My PhD research was focused on developing a technology necessary to in-situ monitor the temperature of an operating SOFC stack as a diagnostic tool to understand degradation and cell/stack performance.
Temperature driven performance degradation is one of the major problems that impedes the successful commercialisation of Solid Oxide Fuel Cell (SOFC) technology. Thermal cycling at high temperature (usually in the range from 6000C – 9000C) and uneven temperature distribution in SOFC stack leads to severe mechanical failures such as, delamination and cracking of cell components, promoting premature degradation. in order to understand the temperature driven degradation as well as cell/stack performance, it’s highly beneficial to know the actual temperature distribution within a SOFC stack while it is in a normal operation.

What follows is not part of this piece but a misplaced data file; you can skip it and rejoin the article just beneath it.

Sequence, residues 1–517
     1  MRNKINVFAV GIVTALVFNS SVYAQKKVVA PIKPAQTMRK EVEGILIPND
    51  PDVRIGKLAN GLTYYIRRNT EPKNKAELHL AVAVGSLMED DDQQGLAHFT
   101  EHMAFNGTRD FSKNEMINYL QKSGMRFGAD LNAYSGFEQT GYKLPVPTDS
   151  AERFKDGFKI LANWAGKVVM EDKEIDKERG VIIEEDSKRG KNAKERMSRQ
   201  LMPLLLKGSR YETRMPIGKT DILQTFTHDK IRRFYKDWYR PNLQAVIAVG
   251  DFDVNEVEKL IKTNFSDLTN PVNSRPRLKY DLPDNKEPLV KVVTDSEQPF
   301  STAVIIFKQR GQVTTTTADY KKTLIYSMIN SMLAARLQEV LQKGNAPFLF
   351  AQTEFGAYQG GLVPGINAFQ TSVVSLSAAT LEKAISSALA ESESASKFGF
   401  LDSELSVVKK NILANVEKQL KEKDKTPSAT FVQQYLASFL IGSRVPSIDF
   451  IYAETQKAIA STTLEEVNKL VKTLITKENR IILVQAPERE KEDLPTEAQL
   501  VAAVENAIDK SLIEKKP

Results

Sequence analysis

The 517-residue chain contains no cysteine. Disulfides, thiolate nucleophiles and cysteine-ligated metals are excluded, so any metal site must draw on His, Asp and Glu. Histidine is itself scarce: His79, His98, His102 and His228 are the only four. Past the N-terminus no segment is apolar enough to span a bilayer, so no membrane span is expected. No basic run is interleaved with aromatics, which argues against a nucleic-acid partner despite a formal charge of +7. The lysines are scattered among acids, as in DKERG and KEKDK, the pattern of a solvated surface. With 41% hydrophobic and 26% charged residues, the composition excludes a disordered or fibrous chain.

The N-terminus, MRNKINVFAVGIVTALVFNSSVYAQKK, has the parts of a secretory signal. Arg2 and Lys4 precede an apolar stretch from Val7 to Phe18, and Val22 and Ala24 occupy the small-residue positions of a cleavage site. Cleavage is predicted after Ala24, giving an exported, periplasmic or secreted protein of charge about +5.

Prevalent methods found in published literature on understanding SOFC stacks’ temperature distributions are mainly confined to simulations. Only a few cases pertaining to experimental temperature measurements are available. Due to complicated and rather unpredictable nature of SOFC operation, experimental measurements are believed to be more accurate than computationally modelled values.
Thermocouple thermometry is a promising method for stack temperature monitoring. However, inability to measure cell level temperature distribution with sufficiently higher spatial resolution, while causing only a minimum disturbance to stack operation is a significant drawback of present methods.